Spirit in mythology and traditional cosmology is connected to the elements of fire and air, and it rises, reaching up and out. Soul is connected to the elements of water and earth, and it descends, inward and downward. When we rise with spirit, we get peak experiences and those overviews of life that include moments of freedom. Soul goes the opposite way. Water runs down. The earth has gravity and pulls us to it. The soul wants us to grow down and become deep like a river. The real connections are not surface connections. You can have many friends on Facebook, but your real friends are those who know and support your deep self and will remind you when you’re losing touch with your own soul.
What is often missing in modern mass culture is this depth of connection. When you see a culture dividing into simplistic polarities — which is all of our politics nowadays — what’s going on is a loss of soul. People who are in touch with their soul know what they’re supposed to be doing in the world. They know what their way of contributing to life is in the same way that people know what music they love and what food they enjoy — not just life-sustaining food, but food that has flavor, that makes you feel nourished, even inspired.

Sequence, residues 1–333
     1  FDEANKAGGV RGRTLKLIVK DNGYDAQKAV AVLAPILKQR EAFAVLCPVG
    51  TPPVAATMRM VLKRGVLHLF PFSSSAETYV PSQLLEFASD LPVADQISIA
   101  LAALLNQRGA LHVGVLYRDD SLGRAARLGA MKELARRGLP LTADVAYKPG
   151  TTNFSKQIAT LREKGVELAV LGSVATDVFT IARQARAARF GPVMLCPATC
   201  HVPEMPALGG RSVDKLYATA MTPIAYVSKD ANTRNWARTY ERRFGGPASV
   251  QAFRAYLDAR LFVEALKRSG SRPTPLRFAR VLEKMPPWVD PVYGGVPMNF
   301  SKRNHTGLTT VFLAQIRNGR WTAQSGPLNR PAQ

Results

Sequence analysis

As I continue my voyage below the surface I have discovered ways that help me cultivate depth: having a personal experience with the holy; being more contemplative; having a relationship to the mysterious things in life; slowing way down; finding an artist outlet; connecting to the wisdom of the past; and then I go outside. And I dig up rocks.
“Laughter is the tonic, the relief, the surcease for pain,” Charlie Chaplin
Laying on the gurney, hooked up to my IV, I waited for my doctor to call with my pathology report telling me my cancer is gone and clearing me for facial reconstruction surgery. Three surgeries in three days to remove the spreading melanoma on my right cheek had left a huge hole in my in my face which would require a complicated five hour flap surgery to close it up. My son August, with me through surgeries was making me howl with laughter. When I finally got the call, I turned to August and said, “My cancer is gone! Some of my friends may call or text you during my surgery to see how I am doing.” August dryly responded, “Can I tell them you’re dead?” It was just what I needed to send me into surgery laughing. August asked me for any parting words as the anesthesiologist wheeled me down the hall, and I responded, “Can I get you anything while I’m out?”